In recent years, the European Commission has continuously developed the tool of cost-benefit analysis to better inform decision-makers in the process of settling on new directives and regulations concerning the environment. However, according to the Terms of Reference of this assignment “most studies in the field of waste have been restricted to an analysis of costs and, at best, a relatively superficial description of benefits”.
4 results found
Container deposits increase container recovery, reduce environmental pollution, create jobs and place the cost of recovery on those who produce and consume the containers.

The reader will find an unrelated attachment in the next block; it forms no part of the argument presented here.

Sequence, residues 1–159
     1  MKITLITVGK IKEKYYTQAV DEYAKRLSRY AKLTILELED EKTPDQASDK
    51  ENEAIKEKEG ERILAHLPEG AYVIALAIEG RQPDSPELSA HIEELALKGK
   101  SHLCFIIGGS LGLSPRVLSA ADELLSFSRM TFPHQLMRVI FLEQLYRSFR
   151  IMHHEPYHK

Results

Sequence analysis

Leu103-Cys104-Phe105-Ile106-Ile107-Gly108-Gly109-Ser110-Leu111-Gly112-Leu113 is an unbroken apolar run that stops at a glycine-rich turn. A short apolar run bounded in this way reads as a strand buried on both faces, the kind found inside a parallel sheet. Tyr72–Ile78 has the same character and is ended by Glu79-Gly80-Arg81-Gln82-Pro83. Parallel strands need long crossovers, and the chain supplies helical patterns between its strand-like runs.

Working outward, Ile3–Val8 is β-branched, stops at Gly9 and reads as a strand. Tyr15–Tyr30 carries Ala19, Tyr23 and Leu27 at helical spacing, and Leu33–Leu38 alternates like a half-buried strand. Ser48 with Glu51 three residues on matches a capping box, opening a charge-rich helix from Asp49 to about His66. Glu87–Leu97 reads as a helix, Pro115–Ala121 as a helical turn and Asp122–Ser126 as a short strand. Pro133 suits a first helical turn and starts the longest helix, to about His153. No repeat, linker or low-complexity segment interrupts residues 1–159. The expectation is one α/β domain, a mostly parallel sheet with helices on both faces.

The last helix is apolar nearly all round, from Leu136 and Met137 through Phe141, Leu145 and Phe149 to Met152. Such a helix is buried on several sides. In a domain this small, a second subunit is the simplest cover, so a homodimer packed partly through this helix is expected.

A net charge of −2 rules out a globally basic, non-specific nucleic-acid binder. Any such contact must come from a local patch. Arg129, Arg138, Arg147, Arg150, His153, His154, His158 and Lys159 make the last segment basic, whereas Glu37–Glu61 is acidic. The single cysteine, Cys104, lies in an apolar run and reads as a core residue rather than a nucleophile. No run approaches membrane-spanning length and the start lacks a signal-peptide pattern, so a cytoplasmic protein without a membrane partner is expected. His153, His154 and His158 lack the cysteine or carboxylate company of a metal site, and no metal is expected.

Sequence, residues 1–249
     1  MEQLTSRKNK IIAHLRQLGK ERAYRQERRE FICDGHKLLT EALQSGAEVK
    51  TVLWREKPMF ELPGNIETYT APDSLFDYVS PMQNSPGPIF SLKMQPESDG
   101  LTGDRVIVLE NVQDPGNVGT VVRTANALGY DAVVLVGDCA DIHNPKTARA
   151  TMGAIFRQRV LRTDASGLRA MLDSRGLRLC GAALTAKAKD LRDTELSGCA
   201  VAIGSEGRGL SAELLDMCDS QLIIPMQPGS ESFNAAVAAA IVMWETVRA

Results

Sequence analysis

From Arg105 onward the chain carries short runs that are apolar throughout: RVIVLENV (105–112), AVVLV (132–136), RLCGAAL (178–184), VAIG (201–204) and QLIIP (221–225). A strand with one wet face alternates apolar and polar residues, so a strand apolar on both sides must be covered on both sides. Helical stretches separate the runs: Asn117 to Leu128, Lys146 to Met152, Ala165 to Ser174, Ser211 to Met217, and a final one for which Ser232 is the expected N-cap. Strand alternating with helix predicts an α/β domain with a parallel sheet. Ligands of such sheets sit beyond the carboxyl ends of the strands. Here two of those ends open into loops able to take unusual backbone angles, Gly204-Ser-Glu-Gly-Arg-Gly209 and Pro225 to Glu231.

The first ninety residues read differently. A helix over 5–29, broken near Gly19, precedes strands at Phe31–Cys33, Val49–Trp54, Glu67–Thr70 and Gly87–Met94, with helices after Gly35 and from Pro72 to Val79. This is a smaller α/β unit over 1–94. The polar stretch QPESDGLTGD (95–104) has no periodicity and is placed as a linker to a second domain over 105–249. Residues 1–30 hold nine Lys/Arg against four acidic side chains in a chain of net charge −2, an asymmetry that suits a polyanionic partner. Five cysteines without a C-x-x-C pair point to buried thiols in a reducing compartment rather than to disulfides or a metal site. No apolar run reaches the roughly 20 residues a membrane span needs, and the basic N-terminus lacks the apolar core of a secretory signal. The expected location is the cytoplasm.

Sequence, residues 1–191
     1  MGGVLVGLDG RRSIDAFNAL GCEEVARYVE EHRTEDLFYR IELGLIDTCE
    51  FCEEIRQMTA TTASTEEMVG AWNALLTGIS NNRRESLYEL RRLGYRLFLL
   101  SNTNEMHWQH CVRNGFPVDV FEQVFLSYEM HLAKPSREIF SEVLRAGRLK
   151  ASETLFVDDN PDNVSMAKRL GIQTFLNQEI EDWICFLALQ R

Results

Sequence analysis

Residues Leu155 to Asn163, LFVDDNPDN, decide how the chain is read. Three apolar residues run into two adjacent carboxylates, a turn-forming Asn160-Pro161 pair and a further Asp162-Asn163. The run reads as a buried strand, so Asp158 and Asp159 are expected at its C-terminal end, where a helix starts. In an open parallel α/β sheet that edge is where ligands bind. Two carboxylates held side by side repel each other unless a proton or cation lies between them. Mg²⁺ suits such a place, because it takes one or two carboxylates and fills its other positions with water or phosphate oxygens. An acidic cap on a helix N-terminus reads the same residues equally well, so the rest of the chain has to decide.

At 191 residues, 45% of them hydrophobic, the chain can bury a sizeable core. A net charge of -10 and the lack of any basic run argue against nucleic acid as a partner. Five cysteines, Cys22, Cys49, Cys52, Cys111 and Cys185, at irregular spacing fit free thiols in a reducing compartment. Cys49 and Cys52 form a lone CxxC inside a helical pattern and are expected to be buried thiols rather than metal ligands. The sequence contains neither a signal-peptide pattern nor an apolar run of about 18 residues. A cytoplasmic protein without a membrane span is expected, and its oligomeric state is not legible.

Over the past 10 years it was discovered that especially during start-up periods of (even state of art) incinerators the dioxin emissions in the flue-gas can increase compared to normal operation up to factors of 1000 in raw gas and after bagfilter. Another study quantified that around 40 % of the yearly dioxin emissions of a plant are produced and emitted during the 4 start-ups in one year.
A report for UKWIN in respect of an incinerator proposed for the Battlefield site at Shrewsbury in Shropshire. It considers the climate change impacts of landfilling or incinerating residual waste in the Shropshire region. Comparisons are made between 90,000 tonnes of waste sent to incinerator and landfill over a 20 year period. Since landfill emissions continue to occur for some time after this period, total impacts are also considered over a 150 year period.